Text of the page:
New Jersey Gov. Phil Murphy announced at his daily press briefing on Friday that beginning on May 26, hospitals in the state will be able to perform elective surgeries and other invasive procedures.
State officials will be providing hospitals with guidance about procedures.
“This is a big step forward for public health,” Murphy said, adding that the data on declines in COVID-19 hospitalizations informed his decision to sign the executive order allowing for elective surgeries.
“This is good for our healthcare systems, and it allows them to begin to serve the many health needs of residents, and resume other critical roles to ensure the health of communities they serve,” Murphy said.
New Jersey Health Commissioner Judy Persichilli said the return of elective medical procedures at hospitals will be phased in, beginning with urgent procedures. “Safety is paramount,” she said.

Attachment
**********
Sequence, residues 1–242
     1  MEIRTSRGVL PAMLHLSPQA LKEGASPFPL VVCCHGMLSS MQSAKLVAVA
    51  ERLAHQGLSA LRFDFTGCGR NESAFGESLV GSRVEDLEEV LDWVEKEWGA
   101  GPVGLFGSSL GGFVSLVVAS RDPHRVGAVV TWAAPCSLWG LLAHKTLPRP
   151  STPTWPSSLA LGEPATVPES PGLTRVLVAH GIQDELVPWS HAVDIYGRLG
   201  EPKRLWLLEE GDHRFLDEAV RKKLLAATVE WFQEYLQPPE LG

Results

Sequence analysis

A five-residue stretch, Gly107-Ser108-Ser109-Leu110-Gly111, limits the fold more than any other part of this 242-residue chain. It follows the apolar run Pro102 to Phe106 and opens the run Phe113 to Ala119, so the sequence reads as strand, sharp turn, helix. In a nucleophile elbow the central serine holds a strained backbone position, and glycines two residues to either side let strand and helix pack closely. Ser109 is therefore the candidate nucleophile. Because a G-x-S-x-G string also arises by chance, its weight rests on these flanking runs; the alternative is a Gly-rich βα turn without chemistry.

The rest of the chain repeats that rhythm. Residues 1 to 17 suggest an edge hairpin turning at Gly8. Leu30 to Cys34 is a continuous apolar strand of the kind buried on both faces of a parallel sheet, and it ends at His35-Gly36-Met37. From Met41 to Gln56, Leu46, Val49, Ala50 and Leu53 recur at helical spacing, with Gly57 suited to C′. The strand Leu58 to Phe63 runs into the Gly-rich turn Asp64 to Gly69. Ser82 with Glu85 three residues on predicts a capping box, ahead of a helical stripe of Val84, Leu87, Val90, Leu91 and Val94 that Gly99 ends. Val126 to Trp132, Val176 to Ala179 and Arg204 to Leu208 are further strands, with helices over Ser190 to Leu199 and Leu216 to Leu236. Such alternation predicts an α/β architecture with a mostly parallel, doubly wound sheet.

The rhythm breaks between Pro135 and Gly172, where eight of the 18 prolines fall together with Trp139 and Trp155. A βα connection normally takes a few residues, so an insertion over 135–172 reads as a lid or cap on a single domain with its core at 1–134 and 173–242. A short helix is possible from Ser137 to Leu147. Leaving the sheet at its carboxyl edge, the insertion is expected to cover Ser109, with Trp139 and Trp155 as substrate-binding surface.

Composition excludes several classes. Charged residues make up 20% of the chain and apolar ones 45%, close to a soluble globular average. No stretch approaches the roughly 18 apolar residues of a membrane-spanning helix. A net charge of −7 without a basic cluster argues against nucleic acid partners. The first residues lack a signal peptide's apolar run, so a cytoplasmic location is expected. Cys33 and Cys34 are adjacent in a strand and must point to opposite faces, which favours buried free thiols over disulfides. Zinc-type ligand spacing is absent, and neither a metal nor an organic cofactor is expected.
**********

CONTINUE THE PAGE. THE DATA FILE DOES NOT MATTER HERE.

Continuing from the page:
Hospitals will be required to develop plans to test patients 72 hours prior to surgery. Patients will be screened for COVID-19 symptoms on the day of their surgeries. They will be required to be quarantined three days before surgery. Persichilli said patients who test positive for COVID-19 prior to scheduled surgeries and patients who have symptoms of COVID-19 shouldn’t have an elective procedure that is not an emergency.
Hospitals will be required to follow various protocols to mitigate the spread of COVID-19, including cleaning and disinfecting regularly, creating physical barriers between people, and masking for patients and staff.